Experimental Food Society
Andy Lynes - May 2014
London—Brick Lane has traditionally been famous for its 24 hour bagel shop and row of garish-looking Indian restaurants, complete with touts luring passers-by with offers of free wine and cheap food. But I was tempted to wander down a side street off this colorful foodie corner of East London by something altogether more unexpected.
For two days in early November, two bare industrial units of the Old Truman Brewery were transformed by the Experimental Food Society for its fourth annual “spectacular” into a futuristic culinary playground where the ice cream tasted of Stilton cheese, and cameras were made out of sugar. But the event’s sense of futuristic fun was best personified by Brighton-based firm Harvey and John’s Tropism Well. The three-and-a-half-meter (11 1/2-foot) high wood, steel, and blown glass robot’s ultra sonic sensors detect when someone is standing still in front of it, causing the flexible “stalk,” which is topped by a flask, to bend down. As it does so, the flask fills with water (or whatever liquid has been loaded into the “Living Food Sculpture”), which is then poured into the waiting person’s glass. “It’s based on the biological phenomenon of tropism, when a sunflower turns its head to the sun, for example,” says Richard Harvey, who created the sculpture with business partner Keivor John. “We’ve built two so far, and they’re used at events. Eventually we want a whole forest of them.”
“It’s the first and only organization of its kind,” claims Alexa Perrin of the APR Consultancy PR agency in London, who founded the Experimental Food Society in January 2010. The society boasts over 50 members, ranging from cutting-edge catering and events companies like Blanch and Shock and “Jellymongers” Bompass and Parr to performance artists like Caroline Smith, who incorporates food into her work, and Professor Charles Spence, head of the Crossmodal Research Laboratory at Oxford University.
Professor Spence, who has worked with Heston Blumenthal and Ferran Adrià, spoke on “Making Food More Multisensory,” a subject he’s currently researching for global food companies. He also conducted on-site experiments, including how the shape of food can affect flavor perception.
“Professor Spence is a very interesting man,” says chef Dan Cox, who attended the event and who will head up the brigade at the restaurant at Claridge’s hotel in London under Simon Rogan when it reopens this spring. “We’re doing a lot of work in research and development, looking at how different plates and cutlery affect the visual appeal and taste of food. The event focuses heavily on the foodie community, but it’s also a great place for younger chefs to go and learn about these topics firsthand.”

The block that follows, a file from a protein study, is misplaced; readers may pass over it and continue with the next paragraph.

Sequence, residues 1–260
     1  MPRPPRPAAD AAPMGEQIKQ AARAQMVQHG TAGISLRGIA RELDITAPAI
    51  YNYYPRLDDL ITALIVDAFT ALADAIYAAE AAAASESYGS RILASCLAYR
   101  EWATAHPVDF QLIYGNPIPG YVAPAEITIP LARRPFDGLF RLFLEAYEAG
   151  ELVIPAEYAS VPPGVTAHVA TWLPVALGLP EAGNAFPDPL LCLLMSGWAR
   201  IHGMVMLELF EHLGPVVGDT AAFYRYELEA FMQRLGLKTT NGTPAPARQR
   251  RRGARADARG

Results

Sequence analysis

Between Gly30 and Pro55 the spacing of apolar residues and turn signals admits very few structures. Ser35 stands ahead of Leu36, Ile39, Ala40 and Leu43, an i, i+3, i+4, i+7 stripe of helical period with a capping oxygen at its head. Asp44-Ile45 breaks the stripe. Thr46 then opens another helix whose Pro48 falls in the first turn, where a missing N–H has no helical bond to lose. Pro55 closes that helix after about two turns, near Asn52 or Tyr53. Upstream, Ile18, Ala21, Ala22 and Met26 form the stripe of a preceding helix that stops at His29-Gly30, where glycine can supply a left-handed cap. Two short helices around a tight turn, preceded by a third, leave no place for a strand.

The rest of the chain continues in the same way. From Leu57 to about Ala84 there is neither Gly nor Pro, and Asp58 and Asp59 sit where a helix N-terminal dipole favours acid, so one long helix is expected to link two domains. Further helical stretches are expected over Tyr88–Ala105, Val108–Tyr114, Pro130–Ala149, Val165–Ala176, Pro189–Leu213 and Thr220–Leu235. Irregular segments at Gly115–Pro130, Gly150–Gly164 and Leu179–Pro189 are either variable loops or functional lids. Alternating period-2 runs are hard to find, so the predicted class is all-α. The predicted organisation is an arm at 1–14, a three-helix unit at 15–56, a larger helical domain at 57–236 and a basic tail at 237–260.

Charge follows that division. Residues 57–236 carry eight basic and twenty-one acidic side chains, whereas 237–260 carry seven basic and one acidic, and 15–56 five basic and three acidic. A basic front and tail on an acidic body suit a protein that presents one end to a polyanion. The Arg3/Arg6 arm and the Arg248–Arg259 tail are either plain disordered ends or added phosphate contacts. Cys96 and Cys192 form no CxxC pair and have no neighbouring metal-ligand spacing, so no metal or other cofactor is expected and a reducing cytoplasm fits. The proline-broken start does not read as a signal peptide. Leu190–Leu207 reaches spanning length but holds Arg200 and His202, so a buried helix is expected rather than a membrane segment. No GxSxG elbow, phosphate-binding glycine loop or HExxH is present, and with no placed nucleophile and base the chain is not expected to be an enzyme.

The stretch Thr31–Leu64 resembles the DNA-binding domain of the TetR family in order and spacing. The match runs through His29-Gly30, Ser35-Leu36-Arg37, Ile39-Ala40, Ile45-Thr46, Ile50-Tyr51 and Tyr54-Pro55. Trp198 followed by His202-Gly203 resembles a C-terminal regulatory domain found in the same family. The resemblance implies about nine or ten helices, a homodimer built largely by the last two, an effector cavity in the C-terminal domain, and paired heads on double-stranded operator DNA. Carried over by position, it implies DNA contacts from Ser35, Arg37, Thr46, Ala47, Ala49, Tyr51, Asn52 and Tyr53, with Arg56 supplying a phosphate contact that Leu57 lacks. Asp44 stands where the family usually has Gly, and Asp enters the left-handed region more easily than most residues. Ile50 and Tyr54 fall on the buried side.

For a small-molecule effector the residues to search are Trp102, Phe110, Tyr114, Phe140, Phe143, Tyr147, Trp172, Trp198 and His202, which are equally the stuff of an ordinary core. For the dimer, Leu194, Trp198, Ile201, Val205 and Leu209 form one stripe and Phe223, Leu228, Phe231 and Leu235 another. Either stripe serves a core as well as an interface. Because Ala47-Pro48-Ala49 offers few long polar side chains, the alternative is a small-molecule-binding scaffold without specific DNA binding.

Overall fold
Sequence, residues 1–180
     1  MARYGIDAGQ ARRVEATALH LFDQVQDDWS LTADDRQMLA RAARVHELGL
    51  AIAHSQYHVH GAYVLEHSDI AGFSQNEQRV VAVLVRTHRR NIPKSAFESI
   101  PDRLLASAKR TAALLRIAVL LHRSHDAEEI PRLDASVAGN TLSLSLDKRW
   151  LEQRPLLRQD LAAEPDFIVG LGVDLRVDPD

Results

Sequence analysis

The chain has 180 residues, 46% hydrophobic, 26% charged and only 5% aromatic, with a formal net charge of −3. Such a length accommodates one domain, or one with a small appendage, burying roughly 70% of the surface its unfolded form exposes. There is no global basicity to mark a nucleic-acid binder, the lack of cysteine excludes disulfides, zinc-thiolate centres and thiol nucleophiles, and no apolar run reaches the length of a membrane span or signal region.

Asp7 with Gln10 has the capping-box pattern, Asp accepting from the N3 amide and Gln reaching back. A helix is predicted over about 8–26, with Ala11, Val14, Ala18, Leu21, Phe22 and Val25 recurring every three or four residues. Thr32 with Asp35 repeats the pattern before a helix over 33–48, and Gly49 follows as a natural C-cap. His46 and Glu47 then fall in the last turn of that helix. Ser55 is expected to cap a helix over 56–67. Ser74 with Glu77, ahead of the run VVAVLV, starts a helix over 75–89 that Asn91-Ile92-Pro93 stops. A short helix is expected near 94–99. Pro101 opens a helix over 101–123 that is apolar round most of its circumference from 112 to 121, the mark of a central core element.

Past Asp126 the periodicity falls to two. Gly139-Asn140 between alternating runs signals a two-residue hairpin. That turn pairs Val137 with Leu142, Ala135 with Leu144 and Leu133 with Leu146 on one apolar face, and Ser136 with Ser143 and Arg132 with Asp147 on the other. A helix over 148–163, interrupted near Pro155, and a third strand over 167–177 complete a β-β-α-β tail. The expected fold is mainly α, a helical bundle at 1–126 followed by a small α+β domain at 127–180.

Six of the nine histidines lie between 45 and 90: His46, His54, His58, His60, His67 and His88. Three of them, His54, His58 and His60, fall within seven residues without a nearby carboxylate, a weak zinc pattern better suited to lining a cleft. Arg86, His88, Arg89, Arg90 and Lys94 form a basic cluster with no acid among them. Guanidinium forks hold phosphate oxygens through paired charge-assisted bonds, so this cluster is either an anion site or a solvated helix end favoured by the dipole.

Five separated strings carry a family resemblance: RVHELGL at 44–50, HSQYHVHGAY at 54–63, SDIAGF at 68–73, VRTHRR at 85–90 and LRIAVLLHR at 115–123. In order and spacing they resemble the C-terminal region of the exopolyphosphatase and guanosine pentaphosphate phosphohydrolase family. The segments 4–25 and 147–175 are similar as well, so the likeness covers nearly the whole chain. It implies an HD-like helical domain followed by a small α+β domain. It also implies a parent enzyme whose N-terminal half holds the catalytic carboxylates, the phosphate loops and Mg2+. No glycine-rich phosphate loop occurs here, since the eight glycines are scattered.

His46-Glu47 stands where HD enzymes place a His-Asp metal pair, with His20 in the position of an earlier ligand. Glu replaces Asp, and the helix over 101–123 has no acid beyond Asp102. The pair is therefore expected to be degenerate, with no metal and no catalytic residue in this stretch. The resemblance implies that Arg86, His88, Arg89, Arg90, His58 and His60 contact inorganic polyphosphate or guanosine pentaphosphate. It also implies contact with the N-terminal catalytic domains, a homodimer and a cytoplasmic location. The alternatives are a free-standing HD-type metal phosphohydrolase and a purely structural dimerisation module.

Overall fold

The roster of 14 speakers included artist and “sugar designer” Fernando Laposse, whose works have included edible handblown sugar cocktail glasses and who exhibited a working camera made mostly of sugar. Food Futurologist Dr. Morgaine Gaye discussed U.K. food trends for 2015 that included a greater emphasis on texture. “Food combinations have all been done, but texture has hardly been explored,” said Gaye during her talk, identifying folding chocolate bars and patterned, textured nori sheets as examples of the emerging trend.
Experimental Food Society member and food landscape artist Carl Warner showed his five-foot replica of the Rialto Bridge in Venice, a collaboration with food modeler Paul Baker, made entirely from pasta, Italian crackers, and biscuits, along with images of some of his best-known works, including the London skyline created from a variety of fresh foods, including bread, broccoli, asparagus, and melon.
Mischievous ice cream vendors Lick Me, I’m Delicious hit the headlines earlier this year with their luminous jellyfish ice cream, created for Halloween. Their dark Port and Stilton ripple ice cream, made on the spot in a home-rigged machine that pumped liquid nitrogen into the bowl of a standard food mixer, was a less startling, but I suspect more delicious, creation.
The society’s year-round schedule of events continued with a series of Food and Fragrance themed banquets later the same month at the Cookbook Cafe at the InterContinental Hotel on Park Lane, where Blanch and Shock collaborated with Professor Spence on a menu that included dry-aged mallard duck served on a platter impregnated with the scent of juniper and moss, and accompanied by roaming smoking branches doused with gun oil.
In addition, Experimental Food Society members worked on their own independently organized activities. Bompas & Parr’s Multisensory Fireworks at the London New Year’s Eve celebration, where various fruit flavored clouds of vapor were released in synchronization with the display so that, for example, the crowd smelled the scent of strawberries as red fireworks exploded above them.
Future plans for the society itself include corporate work, such as creating marshmallows in the shape of a brand logo, and a potential collaboration with Selfridges department store, as well as an ongoing roster of public events, details of which will be posted on the society’s website over the coming months.
“I’m delighted to continue to showcase the work of Britain’s culinary think tank,” says Perrin. “It demonstrates just how exciting food can be.”